I.D. Forty: Living Legends
…..Eva Zeisel, (98) Last year, the Hungarian-born ceramicist finally got around to publishing her first book. With scores of designs in development or production, how did she find the time?
….. Jane Jacobs, (88) Forty-four years after The Death and Life of Great American Cities, the urban planning activist still refuses to settle down. Her latest book is Dark Age Ahead
….. Ettore Sottsass, Jr., (87) At age 64, when most people are preparing to retire, he founded Memphis. Lately, he’s been making a show of discernment with “Cartier Design Viewed by Ettore Sottsass,” at the Museum of Fine Arts, Houston, through March 27
….. Ada Louise Huxtable, (83) In 1963, she became the first architecture critic at The New York Times and won the first Pulitzer Prize for distinguished criticism. Several years ago, she took over the same beat at The Wall Street Journal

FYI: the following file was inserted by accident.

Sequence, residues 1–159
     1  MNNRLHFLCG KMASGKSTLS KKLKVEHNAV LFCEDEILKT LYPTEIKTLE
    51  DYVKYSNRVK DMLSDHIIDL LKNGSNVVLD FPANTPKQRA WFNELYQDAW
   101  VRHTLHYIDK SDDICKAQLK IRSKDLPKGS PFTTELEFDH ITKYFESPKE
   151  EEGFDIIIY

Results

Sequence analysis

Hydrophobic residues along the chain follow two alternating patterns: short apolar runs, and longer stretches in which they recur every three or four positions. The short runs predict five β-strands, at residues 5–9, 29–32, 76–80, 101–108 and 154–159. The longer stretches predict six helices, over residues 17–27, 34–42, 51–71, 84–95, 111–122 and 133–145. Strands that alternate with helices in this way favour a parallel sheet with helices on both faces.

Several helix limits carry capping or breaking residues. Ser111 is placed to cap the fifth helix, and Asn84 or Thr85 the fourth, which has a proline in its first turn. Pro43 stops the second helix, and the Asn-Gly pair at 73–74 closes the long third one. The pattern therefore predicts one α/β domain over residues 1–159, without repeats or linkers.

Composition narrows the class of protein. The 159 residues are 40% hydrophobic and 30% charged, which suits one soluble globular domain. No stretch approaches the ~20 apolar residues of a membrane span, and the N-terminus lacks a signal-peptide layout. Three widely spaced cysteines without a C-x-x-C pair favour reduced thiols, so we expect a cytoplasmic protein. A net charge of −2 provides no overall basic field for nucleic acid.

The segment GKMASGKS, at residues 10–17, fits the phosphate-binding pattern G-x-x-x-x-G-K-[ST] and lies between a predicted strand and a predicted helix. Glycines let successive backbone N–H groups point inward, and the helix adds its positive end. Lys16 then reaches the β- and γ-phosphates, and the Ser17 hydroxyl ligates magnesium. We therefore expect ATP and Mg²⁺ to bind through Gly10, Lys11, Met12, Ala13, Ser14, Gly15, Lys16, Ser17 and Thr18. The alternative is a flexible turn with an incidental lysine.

….. Andree Putman, (79) The grande dame did the interiors of Air France’s Concorde and Ian Schrager’s first boutique hotel, but those were so 20th century. Last seen, she was designing spaces in Paris and Tel Aviv
….. Niels Diffrient, (76) When he began his career, few had heard of ergonomics. Now, the pioneering industrial designer is elbow-deep in form-fitting work, like his new Liberty chair for Humanscale
….. Milton Glaser, (75) The creator of “I (heart) NY” keeps the love flowing. And in October, he got it right back when he received the Cooper-Hewitt’s National Design Award for Lifetime Achievement
….. Sir Terence Conran, (73) As a London retailer in the 1960s, he brought together the words design and lifestyle. Nowadays, he oversees an empire of shops, restaurants, and an architecture firm
….. Richard Sapper, (72) His 1972 Tizio lamp for Artemide ruled the joint and he designed the cream of espresso makers for Alessi. Now he consults for IBM
….. Ingo Maurer, (72) He first designed a giant light bulb in 1966. Four decadesand countless scraps, shards, and featherslater, the lighting virtuoso remains a dazzler.